Housebuilder says drop in sales will impact cash position but finances remain strong

Housebuilder Crest Nicholson is to review “all cash commitments” next year as it faces up to a diminishing cash position in light of the weakening housing market, executives at the business have said.

The firm’s group finance director Duncan Cooper told analysts yesterday that Crest would likely end the year with less than £100m in net cash after the firm reported that sales had dried up in recent weeks in the face of soaring interest rates.

The value of the £913m turnover firm has dropped by 10% after it said that profit for the year would come in at around two-thirds of the level expected after sales rates in recent weeks had halved.

duncan cooper index

Duncan Cooper said the firm retained a very strong financial position

Cooper said there was no “alarm” at the business, which still had a “very very strong” financial position.

However, he said: “As we look into next year, and start to think about the shape of the group, we’ll need to give careful consideration to the liquidity position if these sales rates, and this sales environment persists.

“We want to make sure we are looking at all cash commitments into next year and [be] thinking our way that through very carefully.”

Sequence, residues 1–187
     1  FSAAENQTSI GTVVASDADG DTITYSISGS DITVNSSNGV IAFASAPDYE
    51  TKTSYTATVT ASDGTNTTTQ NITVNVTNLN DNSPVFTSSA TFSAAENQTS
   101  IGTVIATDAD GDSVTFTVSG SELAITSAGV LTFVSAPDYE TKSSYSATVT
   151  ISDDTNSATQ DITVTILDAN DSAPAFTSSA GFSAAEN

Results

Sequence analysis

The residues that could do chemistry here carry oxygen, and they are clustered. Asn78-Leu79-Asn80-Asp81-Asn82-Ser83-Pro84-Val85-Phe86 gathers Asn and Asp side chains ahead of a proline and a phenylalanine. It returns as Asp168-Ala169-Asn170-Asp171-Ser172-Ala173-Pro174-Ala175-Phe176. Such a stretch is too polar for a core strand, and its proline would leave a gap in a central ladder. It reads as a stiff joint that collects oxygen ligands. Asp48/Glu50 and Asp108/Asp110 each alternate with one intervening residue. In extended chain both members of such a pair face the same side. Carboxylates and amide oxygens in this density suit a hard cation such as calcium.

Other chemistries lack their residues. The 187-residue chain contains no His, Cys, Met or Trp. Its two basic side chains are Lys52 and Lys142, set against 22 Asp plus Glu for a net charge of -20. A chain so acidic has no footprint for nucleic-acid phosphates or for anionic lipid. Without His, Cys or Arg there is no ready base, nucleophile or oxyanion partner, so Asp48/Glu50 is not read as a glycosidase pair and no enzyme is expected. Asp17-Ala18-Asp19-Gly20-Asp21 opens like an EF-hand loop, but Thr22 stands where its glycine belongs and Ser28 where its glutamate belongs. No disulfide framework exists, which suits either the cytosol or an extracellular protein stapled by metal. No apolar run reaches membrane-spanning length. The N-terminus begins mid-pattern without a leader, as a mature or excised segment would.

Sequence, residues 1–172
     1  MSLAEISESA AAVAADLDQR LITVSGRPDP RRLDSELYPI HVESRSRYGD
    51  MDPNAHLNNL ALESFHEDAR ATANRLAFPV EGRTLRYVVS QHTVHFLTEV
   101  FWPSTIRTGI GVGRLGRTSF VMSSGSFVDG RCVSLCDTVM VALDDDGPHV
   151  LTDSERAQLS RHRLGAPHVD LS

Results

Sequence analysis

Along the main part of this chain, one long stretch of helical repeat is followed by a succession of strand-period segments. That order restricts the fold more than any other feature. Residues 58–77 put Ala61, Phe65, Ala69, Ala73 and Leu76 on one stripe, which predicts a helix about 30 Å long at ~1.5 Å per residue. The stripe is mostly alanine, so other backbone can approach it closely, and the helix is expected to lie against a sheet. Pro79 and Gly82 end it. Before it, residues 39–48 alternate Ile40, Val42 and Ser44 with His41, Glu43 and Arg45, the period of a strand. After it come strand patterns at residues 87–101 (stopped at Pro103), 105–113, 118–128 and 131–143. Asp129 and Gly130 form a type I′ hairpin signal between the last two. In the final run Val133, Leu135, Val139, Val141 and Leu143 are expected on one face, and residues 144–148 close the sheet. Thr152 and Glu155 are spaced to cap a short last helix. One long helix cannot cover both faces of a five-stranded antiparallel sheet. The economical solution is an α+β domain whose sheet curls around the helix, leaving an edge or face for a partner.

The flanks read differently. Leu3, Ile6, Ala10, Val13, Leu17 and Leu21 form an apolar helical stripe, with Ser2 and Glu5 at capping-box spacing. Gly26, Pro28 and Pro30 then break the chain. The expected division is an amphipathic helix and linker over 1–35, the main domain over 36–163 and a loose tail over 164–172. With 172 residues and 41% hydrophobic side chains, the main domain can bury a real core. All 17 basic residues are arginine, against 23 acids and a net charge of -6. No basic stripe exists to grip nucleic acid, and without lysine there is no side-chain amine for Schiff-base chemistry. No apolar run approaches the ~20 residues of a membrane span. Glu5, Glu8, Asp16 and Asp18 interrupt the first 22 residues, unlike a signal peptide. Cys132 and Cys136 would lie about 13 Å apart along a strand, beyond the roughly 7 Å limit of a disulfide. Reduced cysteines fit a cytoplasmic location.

In answer to a question, Cooper said that it was “sensible” to assume that net cash will fall to below £100m at the end of the firm’s financial year, which runs to the end of October. This compares to net cash of £277m at the same point last year.

Crest Nicholson, which until yesterday had been embarked on an expansion drive, yesterday announced a round of restructuring measures which will see its newly created East Anglia division merged into its neighbouring Eastern division, and growth slowed at the recently set up Yorkshire business.

>>See also: Top 150 Housebuilders and Contractors

Crest said it will report adjusted pre-tax profit of £50m for the year, compared to the £73m previously guided.

Chief executive Peter Truscott also yesterday played down the prospects of significant further investment in land in the second half of the current financial year, given the purchase of sites in the first half. Truscott said the current reservation rate, of 0.25 sales per outlet per week, was around half of what he would normally expect at this time of year in a usual market, and that selling conditions were tougher in the south where prices were higher.

However, Truscott said Crest wasn’t anticipating having to make land writedowns, and added that Crest now expected interest rates to come down and provoke stronger housing market conditions in the “second half of 2024 and 2025”.